Love Your Neighbor Nickel

At a recent clergy gathering I revealed that our church’s Lenten practice this year is to hand out wooden nickels. They gave me a sympathetic look and two of them attempted to quickly change the subject. Then I showed them the coins. Instead of a credit for a free drink at the local bar our coins say “Love God” on one side and “Love Your Neighbor as Yourself” on the other. Thanks to designer Pat Bausch we even have the church name encircling the coin. I explained that the coin is a physical reminder of our Lenten theme, “Love God and Your Neighbor–the tough cases.”

As unorthodox as our coins may sound, they are actually firmly based in traditional Lenten practices. The usual thing to do on Lent is to give up something–perhaps a food group, or a habit, or a meal. We do not voluntarily fast just to deny ourselves some pleasure in our lives. As some point in Christian history the Lenten fast may have been about self-flagellation, but not now. To give up something is a powerful commitment to a new way, and a constant reminder of our highest priorities. For instance, if I chose to give up meat for Lent I make a decision to eat in a more conscious manner that is healthy for me and the planet, but, also, each time that i reach for a burger, out of habit, I am reminded of my highest values. I am reminded of and reaffirm my commitment to a new way in every routine craving and gesture.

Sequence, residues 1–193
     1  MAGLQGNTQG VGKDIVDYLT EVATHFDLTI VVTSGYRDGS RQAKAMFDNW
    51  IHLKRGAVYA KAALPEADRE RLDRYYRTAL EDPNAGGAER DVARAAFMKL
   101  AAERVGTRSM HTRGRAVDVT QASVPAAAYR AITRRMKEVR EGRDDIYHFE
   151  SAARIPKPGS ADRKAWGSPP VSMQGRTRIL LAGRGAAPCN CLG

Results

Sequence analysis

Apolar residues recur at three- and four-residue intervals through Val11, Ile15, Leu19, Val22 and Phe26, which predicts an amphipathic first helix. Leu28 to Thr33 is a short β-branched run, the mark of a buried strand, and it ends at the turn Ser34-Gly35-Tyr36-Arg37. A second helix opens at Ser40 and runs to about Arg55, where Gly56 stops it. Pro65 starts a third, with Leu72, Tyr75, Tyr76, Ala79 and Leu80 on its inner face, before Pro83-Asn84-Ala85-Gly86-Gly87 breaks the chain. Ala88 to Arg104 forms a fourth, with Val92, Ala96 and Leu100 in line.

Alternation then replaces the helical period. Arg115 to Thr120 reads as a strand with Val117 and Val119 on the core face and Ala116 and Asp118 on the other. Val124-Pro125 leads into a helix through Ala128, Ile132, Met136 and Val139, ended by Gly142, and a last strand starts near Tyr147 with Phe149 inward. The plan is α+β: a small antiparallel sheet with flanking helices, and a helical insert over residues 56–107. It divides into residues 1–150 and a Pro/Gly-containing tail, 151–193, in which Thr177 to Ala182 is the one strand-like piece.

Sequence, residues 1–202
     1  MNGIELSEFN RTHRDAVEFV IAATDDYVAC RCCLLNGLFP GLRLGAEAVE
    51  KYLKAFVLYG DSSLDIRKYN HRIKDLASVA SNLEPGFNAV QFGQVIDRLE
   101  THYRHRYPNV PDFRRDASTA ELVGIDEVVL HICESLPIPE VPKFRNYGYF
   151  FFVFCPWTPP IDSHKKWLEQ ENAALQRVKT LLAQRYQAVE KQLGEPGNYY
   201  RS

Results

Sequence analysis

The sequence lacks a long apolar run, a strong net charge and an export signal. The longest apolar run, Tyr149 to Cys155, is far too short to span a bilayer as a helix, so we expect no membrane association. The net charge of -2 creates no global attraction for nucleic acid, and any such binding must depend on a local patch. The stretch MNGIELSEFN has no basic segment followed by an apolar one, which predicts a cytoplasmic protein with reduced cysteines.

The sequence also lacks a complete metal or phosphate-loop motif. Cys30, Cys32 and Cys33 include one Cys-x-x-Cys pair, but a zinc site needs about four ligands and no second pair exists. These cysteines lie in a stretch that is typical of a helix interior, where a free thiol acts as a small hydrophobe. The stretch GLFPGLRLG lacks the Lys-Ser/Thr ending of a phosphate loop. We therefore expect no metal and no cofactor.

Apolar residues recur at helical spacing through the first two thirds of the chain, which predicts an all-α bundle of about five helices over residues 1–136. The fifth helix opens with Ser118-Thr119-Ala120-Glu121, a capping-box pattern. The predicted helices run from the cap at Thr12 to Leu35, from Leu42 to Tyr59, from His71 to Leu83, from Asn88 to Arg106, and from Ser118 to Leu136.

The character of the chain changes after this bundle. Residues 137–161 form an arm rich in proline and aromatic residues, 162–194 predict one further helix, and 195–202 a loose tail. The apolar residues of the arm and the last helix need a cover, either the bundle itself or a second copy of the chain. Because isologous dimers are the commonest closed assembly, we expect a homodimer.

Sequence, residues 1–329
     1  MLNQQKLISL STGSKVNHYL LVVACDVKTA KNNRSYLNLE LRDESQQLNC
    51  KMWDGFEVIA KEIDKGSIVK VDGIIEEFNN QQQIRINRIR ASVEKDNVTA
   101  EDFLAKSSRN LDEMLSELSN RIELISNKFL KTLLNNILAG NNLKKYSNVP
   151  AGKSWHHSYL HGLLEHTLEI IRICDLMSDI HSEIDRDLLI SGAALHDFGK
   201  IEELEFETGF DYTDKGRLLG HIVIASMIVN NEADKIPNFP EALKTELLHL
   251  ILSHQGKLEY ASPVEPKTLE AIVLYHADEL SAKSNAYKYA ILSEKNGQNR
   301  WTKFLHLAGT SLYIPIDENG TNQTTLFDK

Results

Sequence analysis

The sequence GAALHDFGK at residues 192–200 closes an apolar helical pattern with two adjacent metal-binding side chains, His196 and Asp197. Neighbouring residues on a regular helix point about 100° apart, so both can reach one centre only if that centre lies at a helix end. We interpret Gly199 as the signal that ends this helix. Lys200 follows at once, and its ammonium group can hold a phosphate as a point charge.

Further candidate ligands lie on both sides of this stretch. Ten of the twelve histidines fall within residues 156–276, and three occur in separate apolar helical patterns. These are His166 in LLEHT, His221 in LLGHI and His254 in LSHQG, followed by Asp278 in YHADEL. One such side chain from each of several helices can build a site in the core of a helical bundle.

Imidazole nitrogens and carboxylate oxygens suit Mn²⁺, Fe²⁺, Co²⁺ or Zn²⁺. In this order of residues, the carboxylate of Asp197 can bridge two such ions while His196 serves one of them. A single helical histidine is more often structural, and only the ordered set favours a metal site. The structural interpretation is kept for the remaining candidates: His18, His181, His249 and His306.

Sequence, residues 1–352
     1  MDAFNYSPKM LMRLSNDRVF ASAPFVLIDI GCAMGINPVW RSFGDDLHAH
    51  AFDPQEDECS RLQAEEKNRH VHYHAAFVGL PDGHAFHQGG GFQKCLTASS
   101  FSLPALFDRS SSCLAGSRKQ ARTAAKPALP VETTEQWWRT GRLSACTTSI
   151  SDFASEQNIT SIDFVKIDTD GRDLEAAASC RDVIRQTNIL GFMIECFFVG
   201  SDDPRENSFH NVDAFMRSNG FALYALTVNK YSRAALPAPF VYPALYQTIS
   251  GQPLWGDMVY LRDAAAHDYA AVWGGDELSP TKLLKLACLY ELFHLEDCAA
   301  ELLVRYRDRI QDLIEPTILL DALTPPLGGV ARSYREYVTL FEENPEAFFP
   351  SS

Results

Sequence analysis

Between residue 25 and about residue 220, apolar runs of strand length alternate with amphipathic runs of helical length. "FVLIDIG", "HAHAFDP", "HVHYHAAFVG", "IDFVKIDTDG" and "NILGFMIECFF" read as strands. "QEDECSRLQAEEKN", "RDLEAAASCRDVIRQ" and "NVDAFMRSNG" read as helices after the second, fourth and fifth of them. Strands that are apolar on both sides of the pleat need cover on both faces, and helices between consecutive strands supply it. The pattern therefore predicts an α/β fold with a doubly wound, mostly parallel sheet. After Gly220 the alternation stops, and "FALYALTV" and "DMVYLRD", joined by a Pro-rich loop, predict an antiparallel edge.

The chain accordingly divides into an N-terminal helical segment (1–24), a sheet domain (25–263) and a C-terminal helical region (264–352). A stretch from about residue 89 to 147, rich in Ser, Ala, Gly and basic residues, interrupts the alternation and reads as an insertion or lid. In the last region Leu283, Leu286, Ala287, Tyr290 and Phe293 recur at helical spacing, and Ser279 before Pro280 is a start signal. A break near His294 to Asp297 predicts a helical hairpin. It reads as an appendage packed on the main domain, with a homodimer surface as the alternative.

Handing out our Love God coins are variation on this spiritual practice. Hopefully, each of our members will keep their Lenten coin with their change and keys. And each time they reach for their keys they may feel that odd disc. And it will hopefully serve as a reminder to focus our efforts on how we may love others.

I hope you have our coin. If not, stop by church and pick one up. This Sunday I will continue my sermon series by looking at how we may love our neighbors, regardless of their faith.

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